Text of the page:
6 Great Books for Fiction Writers
What Can Books Teach You About Writing?
Whether writing can really be 'taught' or not, there are definitely plenty of writing-related skills which can be taught, ranging from creativity tricks to cramming as much writing time as possible into a single day.
Here's five great books which will help fiction writers read better, plot better, write better (and faster!), and edit better.
Good writers enjoy good books. Great writers know how to find all the best details in books. Reading Like a Writer focuses on reading to find all those details which make a book great, in order to better work such details into your own writing.
Tarot is frequently portrayed as being used for nothing more than seeing the future – which has given it a bit of a bad reputation among people who disbelieve in fortune-telling entirely or think any such things involve evil spirits – but Tarot can have many other uses. Tarot for Writers uses it as a creativity deck, useful for developing characters or outlining plots. It's a logical use: The Major Arcana follows the Fool's Journey, the Court Cards perfectly represent a wide variety of personality types, and even the pips can bring up some interesting turning points. Tarot for Writers includes several spreads useful for story development, enough information on the individual cards to help even someone who's never read them before, and plenty of useful writing prompts.
Tarot Basics for Non-Tarot-Readers
- Learning the Tarot
A free online course for learning tarot. Excellent if you want to get a more thorough understanding of the cards than what Tarot for Writers provides.
- How to Read Tarot with Playing Cards
A useful hub about applying tarot card meanings to ordinary playing cards, if you don't want to buy a whole tarot deck just for writing ideas.
- Aeclectic Tarot Deck Reviews
On the other side, there are literally thousands of different styles of tarot decks, including some which are great for varying writing genres. Poke around here and see if you can find anything which will bring extra inspiration to your writing.
Written for those working through National Novel Writing Month, NP?NP! includes a brief history of NaNoWriMo, some quick-start novel-writing advice, and a week-by-week game plan to keep you going throughout the month. Any resulting novel isn't likely to be the greatest thing since Hemingway, but it will help you get a novel out of your head and into your word processor in a month. How many would-be novelists simply plan to write a novel 'someday', or give up halfway through because they spend too much time listening to their inner editor? NP?NP! encourages us to write the novel, write it now, and worry about making it good later.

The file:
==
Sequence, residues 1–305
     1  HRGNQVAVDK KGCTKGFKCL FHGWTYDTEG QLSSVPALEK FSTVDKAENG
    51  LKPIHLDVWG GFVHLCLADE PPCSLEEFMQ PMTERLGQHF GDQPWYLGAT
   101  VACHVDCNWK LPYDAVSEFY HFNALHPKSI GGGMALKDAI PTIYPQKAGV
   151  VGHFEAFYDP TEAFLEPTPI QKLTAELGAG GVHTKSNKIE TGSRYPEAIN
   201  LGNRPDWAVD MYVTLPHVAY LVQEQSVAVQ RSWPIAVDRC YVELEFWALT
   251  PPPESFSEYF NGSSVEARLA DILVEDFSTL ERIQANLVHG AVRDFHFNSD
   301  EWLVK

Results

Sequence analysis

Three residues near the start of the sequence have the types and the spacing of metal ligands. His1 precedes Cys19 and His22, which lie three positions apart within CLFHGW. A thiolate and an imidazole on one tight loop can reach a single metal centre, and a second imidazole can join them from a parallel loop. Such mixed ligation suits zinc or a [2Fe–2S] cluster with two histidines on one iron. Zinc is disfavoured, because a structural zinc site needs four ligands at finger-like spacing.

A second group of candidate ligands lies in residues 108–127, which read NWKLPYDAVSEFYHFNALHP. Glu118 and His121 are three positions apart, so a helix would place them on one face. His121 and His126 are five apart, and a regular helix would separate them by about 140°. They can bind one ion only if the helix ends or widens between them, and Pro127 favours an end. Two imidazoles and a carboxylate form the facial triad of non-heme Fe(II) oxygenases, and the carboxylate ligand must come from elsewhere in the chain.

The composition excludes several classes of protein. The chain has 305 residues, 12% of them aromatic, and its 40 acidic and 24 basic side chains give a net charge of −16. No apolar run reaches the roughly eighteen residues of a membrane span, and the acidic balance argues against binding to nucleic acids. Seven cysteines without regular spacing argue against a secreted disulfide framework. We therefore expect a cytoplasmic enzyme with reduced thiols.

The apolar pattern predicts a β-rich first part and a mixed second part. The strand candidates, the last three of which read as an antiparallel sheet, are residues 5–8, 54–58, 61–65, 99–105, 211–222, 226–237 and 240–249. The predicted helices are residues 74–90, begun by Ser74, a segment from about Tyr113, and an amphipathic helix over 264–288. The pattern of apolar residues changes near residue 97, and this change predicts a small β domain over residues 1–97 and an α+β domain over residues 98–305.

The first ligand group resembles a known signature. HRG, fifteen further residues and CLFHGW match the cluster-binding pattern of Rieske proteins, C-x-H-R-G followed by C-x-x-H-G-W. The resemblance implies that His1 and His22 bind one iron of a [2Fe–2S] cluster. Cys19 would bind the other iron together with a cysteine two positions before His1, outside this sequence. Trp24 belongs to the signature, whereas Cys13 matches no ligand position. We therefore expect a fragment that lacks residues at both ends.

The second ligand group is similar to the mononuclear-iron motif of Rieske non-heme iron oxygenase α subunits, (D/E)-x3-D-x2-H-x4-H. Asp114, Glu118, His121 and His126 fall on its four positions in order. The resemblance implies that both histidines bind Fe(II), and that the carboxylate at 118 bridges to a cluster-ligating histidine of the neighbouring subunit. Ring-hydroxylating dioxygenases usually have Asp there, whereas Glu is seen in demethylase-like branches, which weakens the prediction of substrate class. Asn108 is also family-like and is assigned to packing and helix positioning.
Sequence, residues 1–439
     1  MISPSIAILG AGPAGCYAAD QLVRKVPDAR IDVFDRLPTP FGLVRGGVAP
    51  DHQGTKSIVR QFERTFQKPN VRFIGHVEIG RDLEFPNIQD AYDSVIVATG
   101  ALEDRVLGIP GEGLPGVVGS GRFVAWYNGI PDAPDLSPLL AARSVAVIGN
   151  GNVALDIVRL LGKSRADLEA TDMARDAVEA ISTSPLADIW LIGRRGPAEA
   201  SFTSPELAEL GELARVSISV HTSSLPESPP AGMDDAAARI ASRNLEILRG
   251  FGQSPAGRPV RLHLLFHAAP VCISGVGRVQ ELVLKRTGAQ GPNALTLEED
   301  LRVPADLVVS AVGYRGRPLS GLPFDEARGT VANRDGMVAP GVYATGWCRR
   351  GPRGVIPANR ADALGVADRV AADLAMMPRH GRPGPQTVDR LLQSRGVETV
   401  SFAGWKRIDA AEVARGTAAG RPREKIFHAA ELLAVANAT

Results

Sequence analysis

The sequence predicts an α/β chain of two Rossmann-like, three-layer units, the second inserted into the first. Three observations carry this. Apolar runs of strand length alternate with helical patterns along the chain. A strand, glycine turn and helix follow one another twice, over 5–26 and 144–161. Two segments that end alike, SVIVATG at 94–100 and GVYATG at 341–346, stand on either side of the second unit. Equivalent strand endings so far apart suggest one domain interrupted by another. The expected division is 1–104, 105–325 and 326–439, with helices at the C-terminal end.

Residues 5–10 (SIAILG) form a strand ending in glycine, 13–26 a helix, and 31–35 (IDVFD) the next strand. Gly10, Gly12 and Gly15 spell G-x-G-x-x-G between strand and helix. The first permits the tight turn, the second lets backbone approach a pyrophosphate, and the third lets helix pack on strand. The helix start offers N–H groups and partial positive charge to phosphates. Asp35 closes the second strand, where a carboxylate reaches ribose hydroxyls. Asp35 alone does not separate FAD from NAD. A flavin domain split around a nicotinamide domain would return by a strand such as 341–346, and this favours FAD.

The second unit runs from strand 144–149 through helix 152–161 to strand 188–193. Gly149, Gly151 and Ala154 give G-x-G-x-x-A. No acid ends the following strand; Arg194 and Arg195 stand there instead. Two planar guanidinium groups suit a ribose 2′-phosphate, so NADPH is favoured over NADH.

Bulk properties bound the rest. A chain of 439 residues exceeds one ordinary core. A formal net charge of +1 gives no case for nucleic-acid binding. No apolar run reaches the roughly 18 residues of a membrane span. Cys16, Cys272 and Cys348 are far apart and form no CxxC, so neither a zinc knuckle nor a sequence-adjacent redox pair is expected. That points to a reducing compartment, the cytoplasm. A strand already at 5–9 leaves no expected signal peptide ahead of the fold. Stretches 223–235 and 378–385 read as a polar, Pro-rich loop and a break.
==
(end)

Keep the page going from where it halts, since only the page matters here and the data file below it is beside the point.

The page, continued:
Want to Know More About Writing a Novel in a Month?
- National Novel Writing Month
The original NaNoWriMo website, dedicated to writing a fifty thousand word novel in November.
- NaNoWriMo Young Writers Program
For the younger writers, with shorter goals and teacher's resources.
- Camp NaNoWriMo
A summer version of NaNoWriMo, for those who have other plans in November or simply want to do an extra novel.
So you've decided to write a novel in a month. Or to just write a novel, period. Now… how do you cram in enough writing time for it? 'The Productive Writer' is a writer-specific time management book. This book will help with everything from finding time to write to setting goals for your query letters.
The recommendation made by Chris Baty in NP?NP! is to grab a book you like and flip through it every time you just need to know something relating to writing style, such as whether or not to italicise internal monologue. While this may be more fun than a standard grammar book, it's not always the most efficient way to do things, especially if you don't have relevant passages memorised and their pages at hand. A well-organised style book might be dry reading, but you'll find what you need more quickly. The Elements of Style is a classic, organised enough to be easy to find what you need but short enough to read the whole thing as a quick brush-up before starting a new writing project.
Other Grammar & Style Resources
- The Elements of Style
The original Elements of Style is now in the public domain and available free on multiple sites. It's missing everything later added by E.B. White, but it's still a good resource.
- Grammar Girl
Grammar Girl has tips and grammar exercises to help you learn and remember all the grammar rules on punctuation, word choice, and more.
This one's for when your novel is finished and you need to turn the first draft into a great novel. Manuscript Makeover shows how to perfect your story and make it stand out from other novels. With advice on everything from overall style to individual characters, this is a great book for when the actual writing is over and you need to move on to editing.